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Sunday, April 27, 2008

How File Processing is done in PHP?

In the previous post’s (Designing a Simple Order Form Application in PHP) example we implemented the file I/O for storing order information without discussing about it.

For those of you who were eager to know more about PHP File I/O read along, this post has it.

File processing requires the following steps:

  1. Opening a file
  2. Doing the operation
  3. Closing the file

Opening a file

First of all we have to open the file before any operation (reading/writing) can be done.

If you remember the previous post Designing a Simple Order Form Application in PHP, we had this line

//open file
$fp=fopen("orders.txt","a");

There we’re opening a file named “orders.txt” in the “append” file mode. File modes tell PHP what we want to do with the file.

Some of the commonly used files modes along with what they mean is listed below:

r For reading only, reading begins from the start of the file
r+ Reading and writing, beginning from the start of the file
w For writing only. Creates the file if it doesn’t exist. Deletes existing content if it exists.
w+ For writing and writing. Creates the file if it doesn’t exist. Deletes existing content if it exists.
a For appending (writing) beginning from the end of the existing data. Creates the file if it doesn’t exist.
a+ For appending (writing) and reading beginning from the end of the existing data. Creates the file if it doesn’t exist.

Doing the operation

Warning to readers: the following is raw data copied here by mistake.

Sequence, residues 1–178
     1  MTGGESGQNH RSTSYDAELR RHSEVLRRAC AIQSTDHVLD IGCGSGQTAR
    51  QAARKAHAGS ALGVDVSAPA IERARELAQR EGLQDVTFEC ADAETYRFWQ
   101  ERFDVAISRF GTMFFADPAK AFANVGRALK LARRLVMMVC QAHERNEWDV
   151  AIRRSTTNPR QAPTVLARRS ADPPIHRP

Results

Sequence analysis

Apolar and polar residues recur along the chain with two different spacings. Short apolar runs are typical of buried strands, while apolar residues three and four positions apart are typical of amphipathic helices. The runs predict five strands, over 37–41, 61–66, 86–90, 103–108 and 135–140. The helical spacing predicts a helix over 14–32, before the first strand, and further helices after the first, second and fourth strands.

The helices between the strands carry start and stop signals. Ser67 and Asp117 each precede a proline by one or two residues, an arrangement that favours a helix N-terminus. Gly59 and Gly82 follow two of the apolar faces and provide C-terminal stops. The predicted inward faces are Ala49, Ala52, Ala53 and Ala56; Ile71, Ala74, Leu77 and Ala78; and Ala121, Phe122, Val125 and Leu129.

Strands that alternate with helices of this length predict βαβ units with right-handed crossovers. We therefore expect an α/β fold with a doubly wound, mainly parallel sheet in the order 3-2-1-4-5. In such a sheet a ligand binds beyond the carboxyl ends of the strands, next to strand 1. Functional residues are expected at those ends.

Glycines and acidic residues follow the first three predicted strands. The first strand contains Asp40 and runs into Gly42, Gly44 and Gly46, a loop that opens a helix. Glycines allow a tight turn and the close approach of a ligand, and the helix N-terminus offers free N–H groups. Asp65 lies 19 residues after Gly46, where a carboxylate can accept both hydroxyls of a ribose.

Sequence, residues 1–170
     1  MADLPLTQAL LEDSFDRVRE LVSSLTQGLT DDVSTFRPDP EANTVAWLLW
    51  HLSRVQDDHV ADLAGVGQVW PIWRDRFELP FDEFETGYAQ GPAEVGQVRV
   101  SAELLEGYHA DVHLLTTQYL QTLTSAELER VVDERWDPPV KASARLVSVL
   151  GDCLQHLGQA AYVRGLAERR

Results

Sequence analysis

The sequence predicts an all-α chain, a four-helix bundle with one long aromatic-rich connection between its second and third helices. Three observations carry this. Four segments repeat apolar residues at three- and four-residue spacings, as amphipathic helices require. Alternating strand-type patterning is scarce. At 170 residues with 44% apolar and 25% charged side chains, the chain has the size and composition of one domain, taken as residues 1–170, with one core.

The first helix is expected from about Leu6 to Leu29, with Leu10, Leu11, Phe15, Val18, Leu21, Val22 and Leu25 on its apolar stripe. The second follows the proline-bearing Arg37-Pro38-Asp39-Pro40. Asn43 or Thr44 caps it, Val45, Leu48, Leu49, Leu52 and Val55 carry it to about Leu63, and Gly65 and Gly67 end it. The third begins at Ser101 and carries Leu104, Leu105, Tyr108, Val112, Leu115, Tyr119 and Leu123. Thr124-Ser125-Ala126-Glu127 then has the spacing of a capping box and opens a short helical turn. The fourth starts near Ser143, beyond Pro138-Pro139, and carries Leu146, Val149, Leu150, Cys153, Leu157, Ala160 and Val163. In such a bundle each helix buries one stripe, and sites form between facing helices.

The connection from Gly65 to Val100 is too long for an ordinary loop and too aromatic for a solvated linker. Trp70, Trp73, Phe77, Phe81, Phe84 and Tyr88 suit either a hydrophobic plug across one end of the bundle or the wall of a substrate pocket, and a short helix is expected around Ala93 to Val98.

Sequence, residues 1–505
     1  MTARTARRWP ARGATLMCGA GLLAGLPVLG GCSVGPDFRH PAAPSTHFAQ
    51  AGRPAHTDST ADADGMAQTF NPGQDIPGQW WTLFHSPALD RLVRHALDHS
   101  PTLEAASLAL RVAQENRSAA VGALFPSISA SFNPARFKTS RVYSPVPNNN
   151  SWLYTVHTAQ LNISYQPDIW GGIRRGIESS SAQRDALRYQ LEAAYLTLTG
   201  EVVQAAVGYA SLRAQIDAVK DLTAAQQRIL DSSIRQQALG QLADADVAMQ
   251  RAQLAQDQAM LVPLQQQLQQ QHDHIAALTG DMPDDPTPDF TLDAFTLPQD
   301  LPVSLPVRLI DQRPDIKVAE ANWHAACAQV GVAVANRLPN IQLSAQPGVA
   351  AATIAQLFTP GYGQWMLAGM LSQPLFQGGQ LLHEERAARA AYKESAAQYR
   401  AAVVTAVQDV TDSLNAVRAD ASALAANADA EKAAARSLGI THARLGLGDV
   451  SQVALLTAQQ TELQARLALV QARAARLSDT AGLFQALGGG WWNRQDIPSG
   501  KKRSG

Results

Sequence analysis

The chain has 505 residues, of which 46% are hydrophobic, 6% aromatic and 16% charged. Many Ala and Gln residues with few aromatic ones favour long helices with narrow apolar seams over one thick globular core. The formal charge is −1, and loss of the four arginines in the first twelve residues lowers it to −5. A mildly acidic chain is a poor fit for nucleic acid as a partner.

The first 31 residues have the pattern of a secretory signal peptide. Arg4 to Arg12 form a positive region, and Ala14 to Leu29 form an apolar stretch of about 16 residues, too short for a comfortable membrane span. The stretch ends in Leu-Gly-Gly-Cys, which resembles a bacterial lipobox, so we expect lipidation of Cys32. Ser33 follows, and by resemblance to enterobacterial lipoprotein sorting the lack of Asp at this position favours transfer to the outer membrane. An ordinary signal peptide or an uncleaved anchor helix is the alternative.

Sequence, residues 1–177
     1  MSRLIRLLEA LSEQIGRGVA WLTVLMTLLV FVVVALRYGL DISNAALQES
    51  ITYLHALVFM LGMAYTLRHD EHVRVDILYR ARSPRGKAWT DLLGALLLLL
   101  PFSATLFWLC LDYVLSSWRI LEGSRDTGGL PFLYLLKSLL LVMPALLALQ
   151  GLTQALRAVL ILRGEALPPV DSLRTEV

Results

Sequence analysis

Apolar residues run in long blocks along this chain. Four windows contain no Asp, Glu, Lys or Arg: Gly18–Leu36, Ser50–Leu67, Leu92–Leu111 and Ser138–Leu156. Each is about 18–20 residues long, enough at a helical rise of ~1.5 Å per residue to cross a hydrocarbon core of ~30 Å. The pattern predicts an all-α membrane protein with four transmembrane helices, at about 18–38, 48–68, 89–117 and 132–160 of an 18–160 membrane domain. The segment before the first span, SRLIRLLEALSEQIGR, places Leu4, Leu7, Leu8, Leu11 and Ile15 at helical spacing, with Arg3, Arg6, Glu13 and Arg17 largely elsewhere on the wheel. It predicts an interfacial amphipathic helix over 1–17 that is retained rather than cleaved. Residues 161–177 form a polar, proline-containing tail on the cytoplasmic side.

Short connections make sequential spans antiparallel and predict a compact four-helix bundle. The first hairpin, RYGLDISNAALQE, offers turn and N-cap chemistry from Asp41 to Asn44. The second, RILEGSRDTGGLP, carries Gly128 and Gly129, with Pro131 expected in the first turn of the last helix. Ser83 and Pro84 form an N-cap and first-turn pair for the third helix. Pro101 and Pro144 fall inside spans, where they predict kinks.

Once the file is opened, we can any operation we want on it (of course those which are supported for that file mode).

In the previous post Designing a Simple Order Form Application in PHP, we used

//write the data to the opened file
fputs($fp,$data);

Here first argument is the file resource pointer and second is the string to be written to that file (pointed to by $fp).

fgets () is another function, it is used to read back information from file. It has the following form:

$data=fgets($fp,999);

It reads one line at a time marked by “\n” which here gets stored in the variable $data.

One line can also be when it encounters and EOF (End Of File) or when the line has length greater than the maximum length (999) to be read.

Besides these functions that operate on a file, there are many others but we won’t be discussing any more of them here.

Closing the file

after all the operations have been done we need to close the file. It is done like below:

//close the file
fclose($fp);

$fp is a file resource that needs to be closed.

It tells PHP and the Operating System that we’ve performed the operations we needed and it’s safe to close our link from that file.

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